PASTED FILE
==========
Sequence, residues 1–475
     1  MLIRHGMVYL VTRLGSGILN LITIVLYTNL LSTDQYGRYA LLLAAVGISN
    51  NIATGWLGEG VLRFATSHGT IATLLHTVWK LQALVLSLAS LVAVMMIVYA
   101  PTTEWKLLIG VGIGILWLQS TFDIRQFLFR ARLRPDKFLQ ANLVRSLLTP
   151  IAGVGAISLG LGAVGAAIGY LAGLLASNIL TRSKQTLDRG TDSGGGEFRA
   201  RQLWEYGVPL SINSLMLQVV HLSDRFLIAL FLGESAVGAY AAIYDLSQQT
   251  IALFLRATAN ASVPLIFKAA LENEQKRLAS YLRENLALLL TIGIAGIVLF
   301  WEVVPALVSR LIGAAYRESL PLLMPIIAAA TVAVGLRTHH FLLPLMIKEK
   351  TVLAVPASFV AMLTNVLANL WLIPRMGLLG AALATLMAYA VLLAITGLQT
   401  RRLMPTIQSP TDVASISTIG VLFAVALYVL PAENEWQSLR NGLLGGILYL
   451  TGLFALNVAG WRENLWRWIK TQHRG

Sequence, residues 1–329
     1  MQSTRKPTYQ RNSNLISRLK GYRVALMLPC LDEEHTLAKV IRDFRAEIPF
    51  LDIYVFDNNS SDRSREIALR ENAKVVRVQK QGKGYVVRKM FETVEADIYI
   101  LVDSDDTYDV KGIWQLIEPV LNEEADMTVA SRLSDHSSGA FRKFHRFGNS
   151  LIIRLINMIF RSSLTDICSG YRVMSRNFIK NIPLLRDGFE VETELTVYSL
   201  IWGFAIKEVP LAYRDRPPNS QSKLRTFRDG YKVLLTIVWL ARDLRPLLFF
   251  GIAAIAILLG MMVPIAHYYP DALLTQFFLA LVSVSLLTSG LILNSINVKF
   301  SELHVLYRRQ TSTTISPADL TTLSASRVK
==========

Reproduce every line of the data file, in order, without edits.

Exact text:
Sequence, residues 1–475
     1  MLIRHGMVYL VTRLGSGILN LITIVLYTNL LSTDQYGRYA LLLAAVGISN
    51  NIATGWLGEG VLRFATSHGT IATLLHTVWK LQALVLSLAS LVAVMMIVYA
   101  PTTEWKLLIG VGIGILWLQS TFDIRQFLFR ARLRPDKFLQ ANLVRSLLTP
   151  IAGVGAISLG LGAVGAAIGY LAGLLASNIL TRSKQTLDRG TDSGGGEFRA
   201  RQLWEYGVPL SINSLMLQVV HLSDRFLIAL FLGESAVGAY AAIYDLSQQT
   251  IALFLRATAN ASVPLIFKAA LENEQKRLAS YLRENLALLL TIGIAGIVLF
   301  WEVVPALVSR LIGAAYRESL PLLMPIIAAA TVAVGLRTHH FLLPLMIKEK
   351  TVLAVPASFV AMLTNVLANL WLIPRMGLLG AALATLMAYA VLLAITGLQT
   401  RRLMPTIQSP TDVASISTIG VLFAVALYVL PAENEWQSLR NGLLGGILYL
   451  TGLFALNVAG WRENLWRWIK TQHRG

Sequence, residues 1–329
     1  MQSTRKPTYQ RNSNLISRLK GYRVALMLPC LDEEHTLAKV IRDFRAEIPF
    51  LDIYVFDNNS SDRSREIALR ENAKVVRVQK QGKGYVVRKM FETVEADIYI
   101  LVDSDDTYDV KGIWQLIEPV LNEEADMTVA SRLSDHSSGA FRKFHRFGNS
   151  LIIRLINMIF RSSLTDICSG YRVMSRNFIK NIPLLRDGFE VETELTVYSL
   201  IWGFAIKEVP LAYRDRPPNS QSKLRTFRDG YKVLLTIVWL ARDLRPLLFF
   251  GIAAIAILLG MMVPIAHYYP DALLTQFFLA LVSVSLLTSG LILNSINVKF
   301  SELHVLYRRQ TSTTISPADL TTLSASRVK